If you’re thinking of heading off on a foreign excursion, then France is the ideal location. The perfect holiday destination for many due to its proximity to the UK, France has much to offer, from the hustle and bustle of Paris to the tranquillity of Brittany.
It’s easy to argue that the best way to see France is by car, as it allows you to experience all of its wonders that are off the beaten track. However, if you’re opting for this approach, then you have to ensure that you fully understand the rules and regulations that are involved when you’re driving in France.
To help you out, we’ve put together this guide. It’s by no means exhaustive, but it should give you a vital starting point.
Satellite Navigation Systems and Speed Cameras
While driving in France, you must be aware that laws prohibit the use of a satellite navigation system (or any other device) that alerts you to the presence of speed cameras. This is a blanket ban, and as a result it covers any GPS system that alerts you to speed cameras or labels them as points of interest. You can still use a sat nav, but only if the warnings are disabled.
Of course, primarily, the police are on the lookout for satellite navigation systems attached to the windows of vehicles. However, you must remember that, if you’re planning to ditch this and use a map instead, that you should ensure that this doesn’t also show their locations. It is less likely that they will check this, but you certainly shouldn’t rule it out completely.
To make these speed cameras harder to spot, the French government has also installed an additional 400+ speed cameras which are fixed and unsigned. To coincide with this, signs showing the locations of existing cameras have also been taken down.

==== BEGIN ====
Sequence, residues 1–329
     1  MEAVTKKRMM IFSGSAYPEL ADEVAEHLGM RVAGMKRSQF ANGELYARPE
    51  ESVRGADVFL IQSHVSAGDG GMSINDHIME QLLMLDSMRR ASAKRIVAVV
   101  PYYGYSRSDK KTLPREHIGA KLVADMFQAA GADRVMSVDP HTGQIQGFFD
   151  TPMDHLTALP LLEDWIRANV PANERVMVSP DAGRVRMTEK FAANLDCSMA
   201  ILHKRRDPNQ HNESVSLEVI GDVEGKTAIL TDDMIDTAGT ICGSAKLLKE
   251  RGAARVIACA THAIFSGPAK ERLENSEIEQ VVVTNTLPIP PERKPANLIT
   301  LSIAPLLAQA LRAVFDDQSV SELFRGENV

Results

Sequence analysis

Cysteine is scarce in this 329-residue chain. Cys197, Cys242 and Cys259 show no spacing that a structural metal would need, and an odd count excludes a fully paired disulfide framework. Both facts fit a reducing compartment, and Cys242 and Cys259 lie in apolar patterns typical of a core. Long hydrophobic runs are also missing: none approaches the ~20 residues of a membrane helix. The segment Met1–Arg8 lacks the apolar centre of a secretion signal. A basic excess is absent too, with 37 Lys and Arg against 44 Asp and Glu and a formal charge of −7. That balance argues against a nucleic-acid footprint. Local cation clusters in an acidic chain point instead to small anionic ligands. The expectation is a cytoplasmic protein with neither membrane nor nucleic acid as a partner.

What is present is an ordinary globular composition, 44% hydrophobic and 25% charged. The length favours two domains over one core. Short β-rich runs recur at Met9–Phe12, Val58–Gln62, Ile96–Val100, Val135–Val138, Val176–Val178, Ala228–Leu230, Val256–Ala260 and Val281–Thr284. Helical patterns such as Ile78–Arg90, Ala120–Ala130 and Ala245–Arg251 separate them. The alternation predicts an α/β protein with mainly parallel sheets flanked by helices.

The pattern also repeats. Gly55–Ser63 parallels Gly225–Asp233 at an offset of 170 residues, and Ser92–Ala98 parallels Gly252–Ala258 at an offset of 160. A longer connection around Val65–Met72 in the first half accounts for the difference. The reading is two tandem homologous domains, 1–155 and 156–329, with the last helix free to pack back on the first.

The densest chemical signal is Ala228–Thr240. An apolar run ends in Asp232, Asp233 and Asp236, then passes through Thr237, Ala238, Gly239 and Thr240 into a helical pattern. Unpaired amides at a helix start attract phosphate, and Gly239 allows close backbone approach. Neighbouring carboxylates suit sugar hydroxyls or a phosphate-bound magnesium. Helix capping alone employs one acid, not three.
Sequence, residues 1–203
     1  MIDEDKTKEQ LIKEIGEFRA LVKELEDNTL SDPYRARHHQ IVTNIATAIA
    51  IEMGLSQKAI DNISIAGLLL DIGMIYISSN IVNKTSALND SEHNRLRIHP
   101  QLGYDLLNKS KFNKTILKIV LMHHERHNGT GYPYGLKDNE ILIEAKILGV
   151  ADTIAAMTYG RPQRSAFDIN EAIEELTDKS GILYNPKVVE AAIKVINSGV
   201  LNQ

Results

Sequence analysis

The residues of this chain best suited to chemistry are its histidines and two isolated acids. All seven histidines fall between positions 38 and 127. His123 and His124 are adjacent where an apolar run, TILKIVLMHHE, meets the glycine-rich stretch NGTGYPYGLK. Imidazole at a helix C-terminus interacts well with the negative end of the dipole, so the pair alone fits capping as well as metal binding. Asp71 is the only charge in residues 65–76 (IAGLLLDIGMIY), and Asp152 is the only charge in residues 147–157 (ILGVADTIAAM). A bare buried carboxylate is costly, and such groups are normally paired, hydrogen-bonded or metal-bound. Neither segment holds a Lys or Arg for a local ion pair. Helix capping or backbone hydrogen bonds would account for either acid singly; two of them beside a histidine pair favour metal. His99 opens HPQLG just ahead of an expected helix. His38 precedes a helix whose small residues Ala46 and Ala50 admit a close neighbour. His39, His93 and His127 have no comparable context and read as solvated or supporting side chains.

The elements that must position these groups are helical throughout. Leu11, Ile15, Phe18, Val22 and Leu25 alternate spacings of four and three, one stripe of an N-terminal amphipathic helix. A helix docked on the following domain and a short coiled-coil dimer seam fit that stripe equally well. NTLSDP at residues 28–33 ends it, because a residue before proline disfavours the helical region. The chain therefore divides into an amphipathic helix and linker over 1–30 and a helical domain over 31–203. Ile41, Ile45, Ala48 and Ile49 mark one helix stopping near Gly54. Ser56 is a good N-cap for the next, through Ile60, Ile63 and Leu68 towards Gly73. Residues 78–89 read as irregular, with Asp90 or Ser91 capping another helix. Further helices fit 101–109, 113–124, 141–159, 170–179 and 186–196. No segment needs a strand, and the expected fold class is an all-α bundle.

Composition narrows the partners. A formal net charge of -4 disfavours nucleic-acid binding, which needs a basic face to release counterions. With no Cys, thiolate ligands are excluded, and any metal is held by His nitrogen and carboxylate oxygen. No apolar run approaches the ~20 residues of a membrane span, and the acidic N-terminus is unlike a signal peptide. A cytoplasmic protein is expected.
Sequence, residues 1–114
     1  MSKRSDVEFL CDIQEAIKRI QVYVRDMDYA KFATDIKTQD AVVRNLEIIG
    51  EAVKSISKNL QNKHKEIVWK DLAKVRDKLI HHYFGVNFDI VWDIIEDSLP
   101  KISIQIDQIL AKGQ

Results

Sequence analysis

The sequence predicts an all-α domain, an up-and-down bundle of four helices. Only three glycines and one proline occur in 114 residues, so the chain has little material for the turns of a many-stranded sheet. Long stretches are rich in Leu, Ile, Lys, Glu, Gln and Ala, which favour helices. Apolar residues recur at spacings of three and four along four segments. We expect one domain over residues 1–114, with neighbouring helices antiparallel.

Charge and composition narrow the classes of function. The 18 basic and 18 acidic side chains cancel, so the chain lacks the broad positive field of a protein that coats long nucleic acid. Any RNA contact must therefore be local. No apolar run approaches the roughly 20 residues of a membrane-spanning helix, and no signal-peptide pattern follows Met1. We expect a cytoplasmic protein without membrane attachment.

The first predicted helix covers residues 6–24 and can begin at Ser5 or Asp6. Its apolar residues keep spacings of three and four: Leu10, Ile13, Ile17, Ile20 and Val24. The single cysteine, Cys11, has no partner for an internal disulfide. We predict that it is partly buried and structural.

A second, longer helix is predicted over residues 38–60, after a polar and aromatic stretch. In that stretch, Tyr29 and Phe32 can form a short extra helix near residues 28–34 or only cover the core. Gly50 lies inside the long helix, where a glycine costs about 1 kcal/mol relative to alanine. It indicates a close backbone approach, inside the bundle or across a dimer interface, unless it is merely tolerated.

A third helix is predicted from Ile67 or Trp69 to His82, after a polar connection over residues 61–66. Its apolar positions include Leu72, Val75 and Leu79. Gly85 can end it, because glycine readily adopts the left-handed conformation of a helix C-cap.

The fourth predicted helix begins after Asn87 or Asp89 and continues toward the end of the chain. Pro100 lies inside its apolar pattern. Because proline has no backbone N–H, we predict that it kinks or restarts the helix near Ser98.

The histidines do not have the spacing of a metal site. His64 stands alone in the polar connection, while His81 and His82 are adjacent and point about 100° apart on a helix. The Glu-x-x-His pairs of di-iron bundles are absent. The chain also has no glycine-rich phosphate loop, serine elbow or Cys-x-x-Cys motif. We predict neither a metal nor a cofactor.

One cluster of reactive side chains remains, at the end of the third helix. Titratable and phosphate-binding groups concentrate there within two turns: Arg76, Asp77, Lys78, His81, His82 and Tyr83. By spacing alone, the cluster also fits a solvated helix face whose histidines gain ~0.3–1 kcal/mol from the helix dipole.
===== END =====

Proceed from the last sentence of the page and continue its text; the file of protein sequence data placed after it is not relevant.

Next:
To make the task of spotting these new cameras even trickier, the Government has also ensured that they do not look like what we consider to be traditional speed cameras. Whereas ours here in the UK are marked and bright yellow, these are designed to look like lamp posts and they blend in almost seamlessly with their surroundings, so watch out!
If you own a portable satellite navigation device then ensure that you disable camera alerts before you travel. If you want to remove them from certain locations permanently, then contact your manufacturer as an update to reflect the change of regulations might be available. If you have one that is built into your car then contact the vehicle manufacturer before you try anything else.
If you either fail to do this or get caught by a speed camera, then the authorities will be informed and you’ll be marched to the nearest possible cashpoint in order to pay a hefty fine. It really isn’t worth the risk, so ensure you stick to the speed limit.
Variable Speed Limits in Wet Weather
One other quirk of the French motoring system is that speed limits are reduced in wet weather. This is something to be particularly wary of because it appears in direct contrast with UK legislation, and it is simple to forget.
Unless you’re informed otherwise by signposts, the speed limits on dry roads are:
- 130 km/h (80 mph) on motorways with a toll
- 110 km/h (68 mph) on dual carriageways and motorways without a toll
- 90 km/h (56 mph) on other roads
- 50 km/h (31 mph) in towns. The presence of the town name on a sign starts the limit, while a bar through the town name signifies the end of the limit)
And on wet roads these limits are reduced to:
- 110 km/h (68 mph) on motorways with a toll
- 100 km/h (62 mph) on dual carriageways and motorways without a toll
- 80 km/h (50 mph) on other roads
There are a number of other restrictions on speed, too. So ensure you check these before you travel.
So, there we have it, your guide to driving in France. The rules may seem complex, but if you apply yourself then you’ll soon get used to them and your trip should be stress free. Bon voyage